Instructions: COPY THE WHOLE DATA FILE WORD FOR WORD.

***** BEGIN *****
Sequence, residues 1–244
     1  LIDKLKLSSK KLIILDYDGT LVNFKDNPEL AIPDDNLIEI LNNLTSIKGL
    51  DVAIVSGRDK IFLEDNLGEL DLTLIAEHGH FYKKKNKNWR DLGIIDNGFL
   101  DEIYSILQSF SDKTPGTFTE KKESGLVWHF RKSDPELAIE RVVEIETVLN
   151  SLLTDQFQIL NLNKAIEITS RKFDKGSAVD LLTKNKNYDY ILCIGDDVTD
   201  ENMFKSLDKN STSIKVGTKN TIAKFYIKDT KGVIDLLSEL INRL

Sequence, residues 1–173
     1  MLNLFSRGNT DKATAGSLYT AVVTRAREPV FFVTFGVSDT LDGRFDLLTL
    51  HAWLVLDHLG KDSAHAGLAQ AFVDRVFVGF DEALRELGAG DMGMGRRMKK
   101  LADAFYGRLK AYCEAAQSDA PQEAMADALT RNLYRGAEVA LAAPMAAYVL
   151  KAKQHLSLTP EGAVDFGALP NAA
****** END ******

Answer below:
Sequence, residues 1–244
     1  LIDKLKLSSK KLIILDYDGT LVNFKDNPEL AIPDDNLIEI LNNLTSIKGL
    51  DVAIVSGRDK IFLEDNLGEL DLTLIAEHGH FYKKKNKNWR DLGIIDNGFL
   101  DEIYSILQSF SDKTPGTFTE KKESGLVWHF RKSDPELAIE RVVEIETVLN
   151  SLLTDQFQIL NLNKAIEITS RKFDKGSAVD LLTKNKNYDY ILCIGDDVTD
   201  ENMFKSLDKN STSIKVGTKN TIAKFYIKDT KGVIDLLSEL INRL

Sequence, residues 1–173
     1  MLNLFSRGNT DKATAGSLYT AVVTRAREPV FFVTFGVSDT LDGRFDLLTL
    51  HAWLVLDHLG KDSAHAGLAQ AFVDRVFVGF DEALRELGAG DMGMGRRMKK
   101  LADAFYGRLK AYCEAAQSDA PQEAMADALT RNLYRGAEVA LAAPMAAYVL
   151  KAKQHLSLTP EGAVDFGALP NAA